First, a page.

Guns of the CSS Atlanta: Part 1 – 6.4 inch Brooke Rifles

Back when this blog was “young” I posted about the CSS Atlanta and her guns at the Washington Navy Yard.  Time to revisit that topic and provide a bit more about the rebel ironclad.

Wash NY 1 Aug 039
The CSS Atlanta’s guns – all in a row

Let me start with a walk around of the 6.4-inch Brooke guns that comprised the ship’s armament.  There are two 6.4-inch Brookes in the set.  These Brookes are singled-banded and match all the standard factors seen on Brooke Rifles. Tredegar foundry number 1610 was the starboard side gun on the CSS Atlanta:

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6.4-inch Brooke – Tredegar #1610

And Tredegar number 1587 was the port side gun:

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6.4-inch Brooke – Tredegar #1587

The foundry numbers appear on the top of the muzzle face (and can faintly be seen on the top of the breeching jaws).

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Muzzle face of 6.4-inch #1610

The rifling pattern shows seven grooves.  In a few places you can still see the ever slight lands of the Brooke-type rifling.

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Bore of 6.4-inch Brooke Rifle

Looking down the muzzle of #1587, two of the three sight arrangements come into view.  There is a hole for a muzzle sight blade.  Further back, over the trunnions, is a block for a sight.

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Front view of #1587

Note also the flared rimbases in the view above.  The trunnions are just over 7 inches long, and just over 7 inches in diameter.  Those dimensions are perhaps the left over vestige of the IX-inch Dahlgren gun pattern used in the earliest Brooke Rifles.  The trunnion marks are “J.R.A. & Co // T.F.” on the right and “1862” on the left.

Looking from the breech, there is another feature alluding to the Dahlgren design – the rear sight base.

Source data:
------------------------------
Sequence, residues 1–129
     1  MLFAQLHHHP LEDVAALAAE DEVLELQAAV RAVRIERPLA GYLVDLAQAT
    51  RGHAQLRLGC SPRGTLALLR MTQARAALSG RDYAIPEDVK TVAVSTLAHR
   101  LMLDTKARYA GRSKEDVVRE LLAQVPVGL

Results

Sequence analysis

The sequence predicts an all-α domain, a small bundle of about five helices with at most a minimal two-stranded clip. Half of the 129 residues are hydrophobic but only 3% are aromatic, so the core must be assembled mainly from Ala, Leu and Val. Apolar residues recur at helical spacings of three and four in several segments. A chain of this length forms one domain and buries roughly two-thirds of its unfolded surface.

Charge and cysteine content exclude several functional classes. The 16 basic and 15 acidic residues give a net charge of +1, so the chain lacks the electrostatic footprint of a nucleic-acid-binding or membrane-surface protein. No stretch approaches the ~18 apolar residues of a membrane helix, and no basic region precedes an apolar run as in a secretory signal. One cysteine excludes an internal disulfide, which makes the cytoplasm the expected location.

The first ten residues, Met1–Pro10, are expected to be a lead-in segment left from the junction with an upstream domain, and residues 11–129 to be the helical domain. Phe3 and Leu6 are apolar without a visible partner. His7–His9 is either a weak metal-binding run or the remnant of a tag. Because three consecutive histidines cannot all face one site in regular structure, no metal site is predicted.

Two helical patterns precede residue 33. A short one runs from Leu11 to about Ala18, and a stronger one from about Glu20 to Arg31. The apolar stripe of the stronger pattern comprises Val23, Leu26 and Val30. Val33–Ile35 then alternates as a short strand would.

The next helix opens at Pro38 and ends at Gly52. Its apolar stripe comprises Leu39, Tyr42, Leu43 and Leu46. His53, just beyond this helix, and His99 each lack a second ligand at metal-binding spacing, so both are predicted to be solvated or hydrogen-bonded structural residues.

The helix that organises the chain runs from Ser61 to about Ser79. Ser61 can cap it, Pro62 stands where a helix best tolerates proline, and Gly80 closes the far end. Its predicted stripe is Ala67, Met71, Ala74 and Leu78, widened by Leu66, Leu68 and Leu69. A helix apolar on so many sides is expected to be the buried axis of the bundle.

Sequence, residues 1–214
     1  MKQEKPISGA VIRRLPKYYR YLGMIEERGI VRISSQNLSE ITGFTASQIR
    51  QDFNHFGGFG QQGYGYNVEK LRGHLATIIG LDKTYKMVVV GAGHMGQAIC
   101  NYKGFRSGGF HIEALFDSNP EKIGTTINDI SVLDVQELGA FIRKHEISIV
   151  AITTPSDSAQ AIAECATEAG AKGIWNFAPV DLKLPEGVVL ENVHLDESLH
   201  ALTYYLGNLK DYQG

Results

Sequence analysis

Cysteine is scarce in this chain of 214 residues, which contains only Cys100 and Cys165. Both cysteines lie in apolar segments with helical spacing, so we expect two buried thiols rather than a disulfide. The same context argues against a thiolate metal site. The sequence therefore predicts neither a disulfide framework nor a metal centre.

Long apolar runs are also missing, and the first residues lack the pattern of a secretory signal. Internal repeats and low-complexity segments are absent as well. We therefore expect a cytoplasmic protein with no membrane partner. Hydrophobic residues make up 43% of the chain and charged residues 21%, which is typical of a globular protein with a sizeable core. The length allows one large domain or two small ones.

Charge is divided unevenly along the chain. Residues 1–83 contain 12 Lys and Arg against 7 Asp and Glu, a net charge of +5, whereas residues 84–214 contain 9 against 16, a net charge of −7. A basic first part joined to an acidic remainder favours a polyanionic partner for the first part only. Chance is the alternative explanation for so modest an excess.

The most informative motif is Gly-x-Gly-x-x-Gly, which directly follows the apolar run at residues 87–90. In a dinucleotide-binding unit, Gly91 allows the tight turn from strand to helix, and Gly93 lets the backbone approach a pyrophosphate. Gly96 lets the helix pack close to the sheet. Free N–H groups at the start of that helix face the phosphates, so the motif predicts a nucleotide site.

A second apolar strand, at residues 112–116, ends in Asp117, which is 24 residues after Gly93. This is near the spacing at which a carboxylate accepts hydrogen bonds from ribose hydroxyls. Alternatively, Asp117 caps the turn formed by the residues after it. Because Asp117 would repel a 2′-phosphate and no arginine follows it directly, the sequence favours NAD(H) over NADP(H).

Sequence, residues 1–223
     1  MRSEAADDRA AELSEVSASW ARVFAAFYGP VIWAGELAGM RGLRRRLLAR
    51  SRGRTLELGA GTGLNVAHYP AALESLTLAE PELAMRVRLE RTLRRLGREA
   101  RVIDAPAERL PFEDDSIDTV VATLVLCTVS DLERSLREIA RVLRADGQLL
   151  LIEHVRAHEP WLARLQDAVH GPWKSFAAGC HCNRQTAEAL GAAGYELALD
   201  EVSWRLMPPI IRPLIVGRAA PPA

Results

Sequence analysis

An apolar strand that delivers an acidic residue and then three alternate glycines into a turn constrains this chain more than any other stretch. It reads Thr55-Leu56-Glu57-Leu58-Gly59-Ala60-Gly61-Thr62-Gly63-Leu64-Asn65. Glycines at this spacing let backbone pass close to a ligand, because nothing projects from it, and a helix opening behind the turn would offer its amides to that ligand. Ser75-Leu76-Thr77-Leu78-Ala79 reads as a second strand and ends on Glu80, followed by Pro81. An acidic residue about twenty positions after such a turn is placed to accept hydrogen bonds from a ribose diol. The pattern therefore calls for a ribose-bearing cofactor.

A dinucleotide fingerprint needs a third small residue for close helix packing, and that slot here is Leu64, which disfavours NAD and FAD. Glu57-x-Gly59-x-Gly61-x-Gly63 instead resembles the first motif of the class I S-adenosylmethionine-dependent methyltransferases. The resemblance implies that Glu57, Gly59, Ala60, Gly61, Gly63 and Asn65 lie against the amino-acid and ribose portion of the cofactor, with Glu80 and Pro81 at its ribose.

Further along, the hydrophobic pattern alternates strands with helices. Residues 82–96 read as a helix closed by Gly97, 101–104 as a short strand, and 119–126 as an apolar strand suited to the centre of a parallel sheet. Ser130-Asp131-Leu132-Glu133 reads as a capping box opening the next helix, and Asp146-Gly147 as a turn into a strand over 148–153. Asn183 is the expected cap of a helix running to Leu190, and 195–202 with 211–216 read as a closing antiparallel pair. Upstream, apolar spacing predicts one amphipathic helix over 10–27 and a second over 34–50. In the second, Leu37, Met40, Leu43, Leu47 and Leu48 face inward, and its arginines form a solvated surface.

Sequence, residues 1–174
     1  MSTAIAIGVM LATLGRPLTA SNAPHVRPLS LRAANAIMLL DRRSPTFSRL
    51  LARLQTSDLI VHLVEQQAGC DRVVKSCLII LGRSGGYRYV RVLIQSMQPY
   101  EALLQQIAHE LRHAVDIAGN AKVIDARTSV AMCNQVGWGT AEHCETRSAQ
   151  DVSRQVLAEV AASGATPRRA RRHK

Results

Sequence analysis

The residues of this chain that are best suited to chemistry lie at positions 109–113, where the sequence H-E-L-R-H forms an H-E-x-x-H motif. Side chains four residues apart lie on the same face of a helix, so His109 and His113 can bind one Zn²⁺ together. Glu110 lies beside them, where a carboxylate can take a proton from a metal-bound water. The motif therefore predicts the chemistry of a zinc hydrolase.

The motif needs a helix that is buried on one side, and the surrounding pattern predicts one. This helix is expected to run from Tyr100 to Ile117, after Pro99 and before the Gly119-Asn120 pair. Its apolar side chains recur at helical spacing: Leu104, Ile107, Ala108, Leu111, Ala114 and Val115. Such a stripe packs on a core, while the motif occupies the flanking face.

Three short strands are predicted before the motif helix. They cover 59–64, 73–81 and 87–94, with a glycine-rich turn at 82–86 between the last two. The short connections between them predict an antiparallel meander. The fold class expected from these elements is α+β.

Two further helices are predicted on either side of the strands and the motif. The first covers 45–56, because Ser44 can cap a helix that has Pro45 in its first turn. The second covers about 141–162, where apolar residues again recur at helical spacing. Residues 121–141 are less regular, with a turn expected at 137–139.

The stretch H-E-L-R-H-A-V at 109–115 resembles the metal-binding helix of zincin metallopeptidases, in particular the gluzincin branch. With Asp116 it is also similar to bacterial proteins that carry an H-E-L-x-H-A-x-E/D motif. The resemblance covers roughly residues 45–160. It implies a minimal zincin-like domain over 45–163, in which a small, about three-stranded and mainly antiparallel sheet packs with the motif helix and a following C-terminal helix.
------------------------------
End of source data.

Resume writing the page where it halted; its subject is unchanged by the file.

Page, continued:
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Band and rear sight base of Brooke 6.4-inch Rifle

The band is thirty inches long.  At the base of the band is the weight stamp – 9110 pounds in the case of #1587, 9120 pounds for #1610.

Here’s a better view of the band and breech in profile:

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Breech profile and Band

Notice the angles of the rear sight base and the hemispherical contours of the breech.  The blade type breeching jaws also come from the Dahlgren patterns.

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Breeching jaws and socket for elevating screw

These two guns are the only surviving single-banded 6.4-inch Brookes, from at least eleven produced.  These two guns were cast in June 1862.  In October they were shipped to Savannah.  They were joined by two 7-inch Brooke rifles the following month.  One of those two sits beside the 6.4-inch guns at the Washington Navy Yard’s Willard Park today.

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Four guns from the CSS Atlanta

But wait there are TWO 7-inch Brookes there.  And all four guns came from the CSS Atlanta, right?  Well there were actually three 7-inch Brookes shipped to Savannah for the ironclad.  In my next post on this subject, I’ll sort through the reason that three such guns are associated with that Confederate ironclad, though only two were captured with it.

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